You likely spend relatively little time worrying about your vehicle’s radiator fluid, but did you know that a simple process of keeping your vehicle’s coolant at the proper levels can save you time and money by avoiding needless breakdowns and repairs? Usually, your coolant is the only thing keeping your vehicle from breaking down. Additionally, radiator fluid must be changed regularly. Luckily, both maintaining your radiator fluid levels and changing your coolant are simple and quick processes, at least once you are furnished with the proper knowledge. If you do not know how to drain and add up radiator fluid, here are some basic information that should be useful.
Step 1 – Checking the Levels
Before proceeding to do anything, you have to check your radiator fluid levels. If you have used your vehicle recently, wait a minimum of 30 minutes for the engine to cool down. If you have not used it recently, or you have waited long enough for the engine to cool down, then you may continue.
Draw the hood release lever under your dashboard, then use the latch on the front of your vehicle to pop the hood open. Use the prop rod to secure the hood, and look for the fluid reservoir. It should be a partially see-through white plastic container next to your radiator. You should be able to observe the level your fluid is at by looking through it. Since your engine is cool, your fluid should be at the level marked as “cool.”
Step 2 – Adjusting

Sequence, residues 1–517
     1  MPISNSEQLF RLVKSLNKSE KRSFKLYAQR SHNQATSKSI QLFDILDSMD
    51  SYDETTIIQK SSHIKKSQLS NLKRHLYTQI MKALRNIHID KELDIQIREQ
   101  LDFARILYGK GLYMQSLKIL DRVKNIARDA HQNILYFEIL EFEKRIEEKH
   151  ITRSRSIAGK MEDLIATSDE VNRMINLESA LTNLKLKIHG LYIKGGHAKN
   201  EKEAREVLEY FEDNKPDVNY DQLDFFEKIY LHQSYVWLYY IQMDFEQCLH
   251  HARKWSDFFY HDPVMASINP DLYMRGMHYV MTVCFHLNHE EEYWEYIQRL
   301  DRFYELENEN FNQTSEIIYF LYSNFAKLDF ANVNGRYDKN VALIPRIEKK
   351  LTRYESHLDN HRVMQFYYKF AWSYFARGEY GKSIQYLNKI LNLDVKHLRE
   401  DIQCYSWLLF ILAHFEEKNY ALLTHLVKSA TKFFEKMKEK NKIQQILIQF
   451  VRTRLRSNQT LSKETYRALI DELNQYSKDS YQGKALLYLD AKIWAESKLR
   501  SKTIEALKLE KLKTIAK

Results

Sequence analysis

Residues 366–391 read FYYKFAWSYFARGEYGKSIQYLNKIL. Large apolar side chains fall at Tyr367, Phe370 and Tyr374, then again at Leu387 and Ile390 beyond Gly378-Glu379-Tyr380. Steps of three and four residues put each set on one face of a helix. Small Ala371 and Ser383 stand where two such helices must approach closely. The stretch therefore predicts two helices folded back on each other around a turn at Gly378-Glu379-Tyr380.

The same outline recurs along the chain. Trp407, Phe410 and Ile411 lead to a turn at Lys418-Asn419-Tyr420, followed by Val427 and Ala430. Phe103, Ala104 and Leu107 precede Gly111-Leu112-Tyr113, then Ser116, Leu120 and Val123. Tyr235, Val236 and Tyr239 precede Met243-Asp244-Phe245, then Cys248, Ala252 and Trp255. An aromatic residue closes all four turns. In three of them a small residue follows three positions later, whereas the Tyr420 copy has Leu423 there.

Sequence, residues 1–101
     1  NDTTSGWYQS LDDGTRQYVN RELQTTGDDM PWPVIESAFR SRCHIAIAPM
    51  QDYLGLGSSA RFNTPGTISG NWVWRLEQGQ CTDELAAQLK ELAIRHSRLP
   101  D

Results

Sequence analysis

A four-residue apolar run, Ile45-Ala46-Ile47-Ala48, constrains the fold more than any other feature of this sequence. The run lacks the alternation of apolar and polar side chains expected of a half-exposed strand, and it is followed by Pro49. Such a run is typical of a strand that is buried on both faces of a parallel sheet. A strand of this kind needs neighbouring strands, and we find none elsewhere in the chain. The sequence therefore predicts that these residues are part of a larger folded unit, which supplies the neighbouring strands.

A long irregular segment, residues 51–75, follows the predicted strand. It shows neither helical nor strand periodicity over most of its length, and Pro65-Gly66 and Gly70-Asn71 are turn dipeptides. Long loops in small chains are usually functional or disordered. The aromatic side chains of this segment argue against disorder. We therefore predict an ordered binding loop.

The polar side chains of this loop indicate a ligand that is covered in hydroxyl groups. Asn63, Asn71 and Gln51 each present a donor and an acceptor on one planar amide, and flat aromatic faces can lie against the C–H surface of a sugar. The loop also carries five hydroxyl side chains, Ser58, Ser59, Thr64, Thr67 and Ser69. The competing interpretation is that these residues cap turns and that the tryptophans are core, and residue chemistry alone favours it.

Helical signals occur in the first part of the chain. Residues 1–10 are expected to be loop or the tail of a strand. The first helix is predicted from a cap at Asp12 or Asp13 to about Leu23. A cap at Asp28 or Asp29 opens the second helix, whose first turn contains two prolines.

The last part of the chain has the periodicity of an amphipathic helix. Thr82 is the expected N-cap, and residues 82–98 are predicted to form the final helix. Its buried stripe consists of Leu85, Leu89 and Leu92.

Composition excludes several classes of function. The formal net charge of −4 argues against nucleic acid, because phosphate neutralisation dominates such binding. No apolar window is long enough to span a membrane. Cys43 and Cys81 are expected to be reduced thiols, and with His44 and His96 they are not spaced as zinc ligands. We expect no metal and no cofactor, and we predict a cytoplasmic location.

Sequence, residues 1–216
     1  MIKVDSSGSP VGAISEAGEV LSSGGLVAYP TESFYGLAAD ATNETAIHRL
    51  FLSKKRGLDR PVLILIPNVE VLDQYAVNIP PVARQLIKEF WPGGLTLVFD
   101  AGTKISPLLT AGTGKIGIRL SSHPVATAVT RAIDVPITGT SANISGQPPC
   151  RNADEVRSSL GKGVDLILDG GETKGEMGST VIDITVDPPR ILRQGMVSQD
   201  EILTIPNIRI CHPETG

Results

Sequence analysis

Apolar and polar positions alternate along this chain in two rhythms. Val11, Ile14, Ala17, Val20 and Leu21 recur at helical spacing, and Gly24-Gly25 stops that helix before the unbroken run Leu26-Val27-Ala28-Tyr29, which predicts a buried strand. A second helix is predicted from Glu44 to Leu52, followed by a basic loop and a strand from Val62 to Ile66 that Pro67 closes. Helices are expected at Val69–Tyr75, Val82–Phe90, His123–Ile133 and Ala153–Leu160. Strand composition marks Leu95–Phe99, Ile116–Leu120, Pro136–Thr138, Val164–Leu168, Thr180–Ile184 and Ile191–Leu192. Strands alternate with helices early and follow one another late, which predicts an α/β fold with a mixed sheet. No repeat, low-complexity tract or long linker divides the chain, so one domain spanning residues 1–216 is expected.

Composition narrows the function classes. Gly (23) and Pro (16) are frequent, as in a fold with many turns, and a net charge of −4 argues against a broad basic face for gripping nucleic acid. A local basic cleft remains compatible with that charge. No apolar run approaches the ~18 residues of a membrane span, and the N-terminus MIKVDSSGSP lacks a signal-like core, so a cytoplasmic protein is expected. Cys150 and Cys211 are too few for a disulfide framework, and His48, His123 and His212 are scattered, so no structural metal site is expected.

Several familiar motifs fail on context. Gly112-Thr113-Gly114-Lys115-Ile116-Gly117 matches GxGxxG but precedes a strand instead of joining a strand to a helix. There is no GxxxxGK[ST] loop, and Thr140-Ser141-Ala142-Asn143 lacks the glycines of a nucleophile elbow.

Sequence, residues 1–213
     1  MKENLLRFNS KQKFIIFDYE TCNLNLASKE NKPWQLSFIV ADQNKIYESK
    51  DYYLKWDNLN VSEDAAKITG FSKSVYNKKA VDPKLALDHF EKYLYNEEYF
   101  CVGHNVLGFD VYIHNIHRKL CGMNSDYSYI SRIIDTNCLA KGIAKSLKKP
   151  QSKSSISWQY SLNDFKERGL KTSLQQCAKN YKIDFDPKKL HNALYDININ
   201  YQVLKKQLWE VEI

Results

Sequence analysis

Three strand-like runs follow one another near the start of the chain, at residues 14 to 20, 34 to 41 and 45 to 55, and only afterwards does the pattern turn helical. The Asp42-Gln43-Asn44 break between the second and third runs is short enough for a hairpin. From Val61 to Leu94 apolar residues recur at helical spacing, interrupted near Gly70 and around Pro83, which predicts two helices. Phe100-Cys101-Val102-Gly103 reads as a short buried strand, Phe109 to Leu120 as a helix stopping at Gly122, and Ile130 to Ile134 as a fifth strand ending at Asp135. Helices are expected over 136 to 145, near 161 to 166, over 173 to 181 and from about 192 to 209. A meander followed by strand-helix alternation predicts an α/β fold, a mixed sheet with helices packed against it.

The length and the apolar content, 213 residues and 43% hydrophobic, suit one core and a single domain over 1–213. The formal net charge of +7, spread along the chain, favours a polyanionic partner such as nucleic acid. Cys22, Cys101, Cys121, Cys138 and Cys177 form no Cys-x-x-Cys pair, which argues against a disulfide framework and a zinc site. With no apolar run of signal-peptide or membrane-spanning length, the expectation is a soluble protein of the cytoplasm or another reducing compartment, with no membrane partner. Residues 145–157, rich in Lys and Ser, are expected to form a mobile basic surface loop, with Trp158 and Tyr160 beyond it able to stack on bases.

If your fluid levels have become low, you may want to add fluid and call it a day. However, if you are attempting to drain and change your coolant, skip this step.
Radiator fluid is a mixture of equal quantity of water and antifreeze. However, some products will land pre-mixed. Always read carefully any instructions carefully, including those in your car owner’s manual.
Use your funnel to include the appropriate amount — again, probably half water, half antifreeze — to your tank. If your vehicle breaks down, stranding you in the middle of nowhere, you can add pure water, but this is actually a temporary fix and should only be used to get you to a location where you can remove this water and change it for the real coolant.
Step 3 – Draining
Put on your vinyl gloves. Locate the radiator drain cap on the bottom of your car. Set up your catch pan below it, and open it. Be sure to keep children and pets away from antifreeze, because it smells good enough to eat, but is actually poisonous, even in small amounts.
Disposing of old coolant will be different for you depending on your location, so inquire from the local authorities how to do it best.
Now it is time to flush your system. Close your radiator drain cap. Open your hood and fill your reservoir to the correct level with distilled water. Close everything up, and then run your engine for about 10 minutes. Wait for everything to calm down — roughly 30 minutes — and then drain the system again. Repeat process until nothing comes out but water.
Now, mix 1 part antifreeze and 1 part water in a third container. Put this to your reservoir. Now, leaving your cap off and hood open, run your engine and let it to idle. Keep adding your coolant, at a rate of no more than 1 liter per minute, periodically squeezing all components of the radiator hoses. Air should escape via the reservoir. When you cannot put more fluid, you are done.